But these gods change their religion virtually with every election. The gods in God's Own country sent the ldf packing, in Tamil Nadu they abandoned the dmk and in Assam the agp. But defying predictions, they remained loyal in West Bengal.How come voters so quickly forgot that so-called irreplaceable icon Jyoti Basu? They not only gave the thumbs up to his successor Buddhadev Bhattacharyya, but humiliated Basu in his Satgatchia constituency by voting for Trinamul, even while humiliating Mamata Banerjee in the rest of the state, signalling that they won't tolerate her streetfighting, her dramabazi and her make-break-make opportunistic alliances. But voters did in Tamil Nadu. The tmc that opportunistically mended fences with the aiadmk and the Congress benefited handsomely.
The media grappled to find common patterns in this election, even though they contributed to the confusion. One newspaper editorialised: "People want change, not change for the sake of change, but change for better governance." Then why did Tamilians bring back Jayalalitha? Another wrote, "clean governance is not necessarily synonymous with good governance. What else can account for the Amma wave?" Then why did the electorate vote out Karunanidhi whose regime was efficient, albeit corrupt? Yet another wrote, "the common feature is the anti-establishment vote, with the exception of West Bengal". Yet it was the media that described the Red Bastion as crumbling, hyped the power of Mamata's assault and criticised low-profile bhadralok Bhattacharyya, claiming he lacks his predecessor's charisma and wiliness? (Now they say it's precisely his low-key style of functioning that helped the cpi(m) win).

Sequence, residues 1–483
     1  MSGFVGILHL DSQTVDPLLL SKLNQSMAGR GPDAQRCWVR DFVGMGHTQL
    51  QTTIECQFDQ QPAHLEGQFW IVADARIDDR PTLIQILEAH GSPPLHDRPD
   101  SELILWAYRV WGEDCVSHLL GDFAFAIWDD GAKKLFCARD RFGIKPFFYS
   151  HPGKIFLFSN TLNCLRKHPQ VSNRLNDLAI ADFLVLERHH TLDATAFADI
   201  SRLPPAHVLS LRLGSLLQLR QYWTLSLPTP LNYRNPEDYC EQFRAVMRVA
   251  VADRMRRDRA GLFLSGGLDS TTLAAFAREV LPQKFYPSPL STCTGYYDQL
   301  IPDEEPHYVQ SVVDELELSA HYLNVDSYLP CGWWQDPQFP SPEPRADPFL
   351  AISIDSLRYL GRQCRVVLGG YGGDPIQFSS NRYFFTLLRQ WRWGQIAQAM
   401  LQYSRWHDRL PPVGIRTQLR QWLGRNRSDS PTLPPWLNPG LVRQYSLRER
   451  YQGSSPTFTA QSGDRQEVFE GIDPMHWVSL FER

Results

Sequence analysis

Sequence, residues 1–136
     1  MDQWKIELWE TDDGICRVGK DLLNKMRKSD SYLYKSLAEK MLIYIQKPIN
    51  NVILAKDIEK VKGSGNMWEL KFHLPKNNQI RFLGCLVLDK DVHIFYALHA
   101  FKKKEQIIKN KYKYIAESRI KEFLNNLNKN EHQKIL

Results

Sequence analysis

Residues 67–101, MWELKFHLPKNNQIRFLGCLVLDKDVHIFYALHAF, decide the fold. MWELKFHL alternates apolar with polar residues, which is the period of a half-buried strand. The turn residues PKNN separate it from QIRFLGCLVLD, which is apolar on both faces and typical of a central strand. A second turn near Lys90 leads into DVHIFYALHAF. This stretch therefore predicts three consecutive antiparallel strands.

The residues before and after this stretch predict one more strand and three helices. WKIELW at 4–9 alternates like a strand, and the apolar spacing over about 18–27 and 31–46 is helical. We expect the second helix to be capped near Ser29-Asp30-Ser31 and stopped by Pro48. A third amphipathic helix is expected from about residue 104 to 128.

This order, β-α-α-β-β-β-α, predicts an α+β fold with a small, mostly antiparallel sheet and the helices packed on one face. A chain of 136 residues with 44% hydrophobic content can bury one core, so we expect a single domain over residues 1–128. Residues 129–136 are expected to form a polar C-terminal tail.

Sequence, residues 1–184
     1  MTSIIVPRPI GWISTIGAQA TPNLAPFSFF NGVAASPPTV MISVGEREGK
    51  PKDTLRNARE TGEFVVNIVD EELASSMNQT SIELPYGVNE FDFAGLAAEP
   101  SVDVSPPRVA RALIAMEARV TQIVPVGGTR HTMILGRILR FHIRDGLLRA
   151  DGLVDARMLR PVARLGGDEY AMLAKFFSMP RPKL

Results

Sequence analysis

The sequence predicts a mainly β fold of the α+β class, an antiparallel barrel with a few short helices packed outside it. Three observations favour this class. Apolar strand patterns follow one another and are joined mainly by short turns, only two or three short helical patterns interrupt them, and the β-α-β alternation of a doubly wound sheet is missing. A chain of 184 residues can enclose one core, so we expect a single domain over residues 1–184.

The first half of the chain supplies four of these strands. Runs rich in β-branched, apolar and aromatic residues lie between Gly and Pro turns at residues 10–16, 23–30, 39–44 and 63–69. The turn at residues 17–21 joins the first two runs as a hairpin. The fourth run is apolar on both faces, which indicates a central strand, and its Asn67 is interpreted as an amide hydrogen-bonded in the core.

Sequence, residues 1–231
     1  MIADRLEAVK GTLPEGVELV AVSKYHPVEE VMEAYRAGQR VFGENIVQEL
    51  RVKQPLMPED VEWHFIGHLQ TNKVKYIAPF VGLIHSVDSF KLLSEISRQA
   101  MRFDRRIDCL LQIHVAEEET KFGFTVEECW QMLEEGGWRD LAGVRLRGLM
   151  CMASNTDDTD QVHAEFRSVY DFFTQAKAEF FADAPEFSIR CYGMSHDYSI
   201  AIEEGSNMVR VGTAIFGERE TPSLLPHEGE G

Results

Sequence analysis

Fact is, this round of elections signal several contradictory messages. Voters can be wise; they're also unpredictable. Psephologists can get it right, but more often they are wrong. Newspaper editorials and analysts preach morality in politics, but are stumped when venal politicians are returned with triumphant mandates. Incumbents tend to lose elections, but they also buck the trend. Marxists are loved in West Bengal, but hated in Kerala.
So then, what do we know for sure? Despite decades of experience, what can reporters and analysts say for sure? What can psephologists say for sure? In 1991 Jayalalitha won spectacularly. In 1996 she was routed. In 2001 she is triumphant. In 2006 she will be booted out again. But then again, not necessarily. Haven't we just proved that Marxists in West Bengal disprove incumbency theories?
Sometimes you wish you were back in kindergarten. At least you knew your nursery rhymes. You knew for sure how Humpty Dumpty ended. But then again, the more you live, the less sure you are he is an egg. (The author can be contacted at anitapratap @ journalist.com.)